It was a Saturday morning and it was one with much anticipation in the household. My Mom, brother, and I all got up earlier than usual because my brother’s daughter was dropping in. It would have been nice if it had just been her, but her bringing my brother’s 8-month-old first grandchild made it FANTASTIC! My Mom and brother had seen him once, but it was a first time for me.
If it had just been a visit between myself and my niece, I would have talked her ear off. HA! Even with the addition of one, the baby, it would have been okay since he can’t talk yet. In a conversation where there is more than two, I don’t talk anybody’s ears off. I wish it wasn’t like that but my Autism is what it is.
During the visit, I could only take so much sitting there while the others socialized. I wanted to hold the baby but I didn’t have it in me to ask. If she had handed him to me, I would have gladly held him. Maybe my niece didn’t offer him to me because she noticed my cough. It probably was for the best since I was ailing with suspected allergies but just in case I was contagious, I wouldn’t have wished my crud on anybody, especially a baby.
I took as much as I could and then retreated to my bedroom and engaged my computer. It occurred to me that I could give my grandnephew one of my collection of gadgets. It was a remote car toy. I returned to the living room and gave it to my niece explaining he might like it when he gets older. My niece gladly received it and I was relieved about that. The sweet baby boy took a shine to it with his Mom handling the remote.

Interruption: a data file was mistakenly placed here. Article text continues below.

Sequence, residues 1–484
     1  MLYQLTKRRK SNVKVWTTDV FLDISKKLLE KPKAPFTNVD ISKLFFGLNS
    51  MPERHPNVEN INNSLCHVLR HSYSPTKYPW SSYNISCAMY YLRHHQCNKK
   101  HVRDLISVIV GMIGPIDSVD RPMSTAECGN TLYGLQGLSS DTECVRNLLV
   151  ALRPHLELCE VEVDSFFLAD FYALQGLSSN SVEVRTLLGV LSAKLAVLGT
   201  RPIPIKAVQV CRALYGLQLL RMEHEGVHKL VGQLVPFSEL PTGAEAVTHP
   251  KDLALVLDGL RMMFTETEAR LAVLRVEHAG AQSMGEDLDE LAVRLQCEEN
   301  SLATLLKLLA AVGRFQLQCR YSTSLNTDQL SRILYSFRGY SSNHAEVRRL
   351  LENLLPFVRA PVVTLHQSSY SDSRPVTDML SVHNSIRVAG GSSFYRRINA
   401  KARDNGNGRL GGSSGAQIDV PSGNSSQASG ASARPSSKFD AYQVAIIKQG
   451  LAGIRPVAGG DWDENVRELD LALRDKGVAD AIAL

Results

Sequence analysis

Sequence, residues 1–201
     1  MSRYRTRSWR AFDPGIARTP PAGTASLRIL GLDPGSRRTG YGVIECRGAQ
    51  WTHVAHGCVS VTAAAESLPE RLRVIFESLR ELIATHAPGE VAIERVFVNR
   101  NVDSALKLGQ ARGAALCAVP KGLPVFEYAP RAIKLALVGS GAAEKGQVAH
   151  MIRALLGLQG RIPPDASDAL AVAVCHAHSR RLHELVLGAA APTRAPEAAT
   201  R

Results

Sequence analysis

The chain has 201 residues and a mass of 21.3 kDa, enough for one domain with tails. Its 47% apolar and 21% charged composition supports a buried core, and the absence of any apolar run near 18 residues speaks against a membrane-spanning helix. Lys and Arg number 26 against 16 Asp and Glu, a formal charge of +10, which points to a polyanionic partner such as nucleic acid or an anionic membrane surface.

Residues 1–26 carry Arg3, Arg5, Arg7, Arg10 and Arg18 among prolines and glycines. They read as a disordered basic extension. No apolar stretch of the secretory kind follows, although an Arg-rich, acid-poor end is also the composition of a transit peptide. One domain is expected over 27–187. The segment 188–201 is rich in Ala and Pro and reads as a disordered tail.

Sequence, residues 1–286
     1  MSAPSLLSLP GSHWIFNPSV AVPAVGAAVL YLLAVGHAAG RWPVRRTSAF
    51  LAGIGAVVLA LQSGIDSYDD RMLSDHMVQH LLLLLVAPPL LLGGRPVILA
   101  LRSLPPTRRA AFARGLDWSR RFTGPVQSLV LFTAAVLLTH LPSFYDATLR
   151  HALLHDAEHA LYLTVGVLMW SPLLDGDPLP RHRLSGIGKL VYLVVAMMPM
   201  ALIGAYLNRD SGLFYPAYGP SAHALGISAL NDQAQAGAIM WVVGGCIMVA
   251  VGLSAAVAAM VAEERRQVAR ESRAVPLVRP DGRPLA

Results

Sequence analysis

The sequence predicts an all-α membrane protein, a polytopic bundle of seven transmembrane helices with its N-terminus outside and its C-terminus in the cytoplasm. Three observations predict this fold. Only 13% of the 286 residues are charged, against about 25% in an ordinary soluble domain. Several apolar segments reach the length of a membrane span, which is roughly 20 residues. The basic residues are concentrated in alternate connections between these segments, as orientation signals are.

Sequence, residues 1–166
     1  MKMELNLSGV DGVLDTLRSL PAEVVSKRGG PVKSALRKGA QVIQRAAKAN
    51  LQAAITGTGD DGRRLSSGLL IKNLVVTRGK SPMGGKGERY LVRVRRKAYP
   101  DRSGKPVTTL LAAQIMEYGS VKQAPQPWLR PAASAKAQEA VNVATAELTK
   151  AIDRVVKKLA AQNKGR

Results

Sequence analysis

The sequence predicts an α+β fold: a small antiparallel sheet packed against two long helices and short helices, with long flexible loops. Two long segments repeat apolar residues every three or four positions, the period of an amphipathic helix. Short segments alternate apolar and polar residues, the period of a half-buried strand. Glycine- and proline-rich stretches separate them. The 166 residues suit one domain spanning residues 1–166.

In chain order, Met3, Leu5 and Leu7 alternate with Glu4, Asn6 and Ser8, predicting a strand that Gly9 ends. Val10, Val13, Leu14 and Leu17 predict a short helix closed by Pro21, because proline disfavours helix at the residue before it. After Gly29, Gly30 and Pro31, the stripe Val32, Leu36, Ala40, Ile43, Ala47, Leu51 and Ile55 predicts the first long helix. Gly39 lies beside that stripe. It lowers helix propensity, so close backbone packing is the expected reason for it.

This made me feel so much better about their visit. It was awkward for me to enjoy the visit socially, but I could contribute a gift. Ironically, I wouldn’t have had such a gift along with my herd of gadgets if I wasn’t Autistic. I thought at the time, “Autism has both its thorns and blessings.”
Autism is a thorn in a group setting for me. It doesn’t matter how well I know or don’t know the people in the room. However, my Autism special interests/obsessions have helped me out as it did that day. I hope he will find out what his second cousins already know: their Great Aunt has the BEST toys in town!
When the usual family members come for Sunday dinner, I hide out in my room playing with one of my adult toys like a computer, laptop, or one of my robots to name a few. My grandniece and nephew leave the dinner table first and dart to MY room. I could say it is because they want so badly to see me, but truth is, it’s the objects of my autistic passions (electronic gadgetry) that draw them to their Aunt’s room. Oh, and they adore me too.